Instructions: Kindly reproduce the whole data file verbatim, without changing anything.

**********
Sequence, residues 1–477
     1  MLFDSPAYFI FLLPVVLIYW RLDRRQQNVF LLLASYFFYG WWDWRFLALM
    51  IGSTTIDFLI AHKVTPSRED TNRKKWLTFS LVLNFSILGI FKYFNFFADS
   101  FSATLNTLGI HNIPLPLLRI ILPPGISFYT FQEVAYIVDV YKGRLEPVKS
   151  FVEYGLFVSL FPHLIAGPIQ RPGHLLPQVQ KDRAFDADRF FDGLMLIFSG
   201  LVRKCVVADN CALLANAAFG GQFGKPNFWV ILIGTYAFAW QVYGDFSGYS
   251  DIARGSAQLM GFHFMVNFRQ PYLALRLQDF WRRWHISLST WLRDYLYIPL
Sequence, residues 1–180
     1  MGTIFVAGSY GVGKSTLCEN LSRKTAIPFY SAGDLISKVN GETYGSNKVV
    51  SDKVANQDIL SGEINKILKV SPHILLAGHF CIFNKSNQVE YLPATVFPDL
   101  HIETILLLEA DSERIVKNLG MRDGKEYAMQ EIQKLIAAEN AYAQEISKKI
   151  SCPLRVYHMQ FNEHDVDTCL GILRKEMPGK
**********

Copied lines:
Sequence, residues 1–477
     1  MLFDSPAYFI FLLPVVLIYW RLDRRQQNVF LLLASYFFYG WWDWRFLALM
    51  IGSTTIDFLI AHKVTPSRED TNRKKWLTFS LVLNFSILGI FKYFNFFADS
   101  FSATLNTLGI HNIPLPLLRI ILPPGISFYT FQEVAYIVDV YKGRLEPVKS
   151  FVEYGLFVSL FPHLIAGPIQ RPGHLLPQVQ KDRAFDADRF FDGLMLIFSG
   201  LVRKCVVADN CALLANAAFG GQFGKPNFWV ILIGTYAFAW QVYGDFSGYS
   251  DIARGSAQLM GFHFMVNFRQ PYLALRLQDF WRRWHISLST WLRDYLYIPL
Sequence, residues 1–180
     1  MGTIFVAGSY GVGKSTLCEN LSRKTAIPFY SAGDLISKVN GETYGSNKVV
    51  SDKVANQDIL SGEINKILKV SPHILLAGHF CIFNKSNQVE YLPATVFPDL
   101  HIETILLLEA DSERIVKNLG MRDGKEYAMQ EIQKLIAAEN AYAQEISKKI
   151  SCPLRVYHMQ FNEHDVDTCL GILRKEMPGK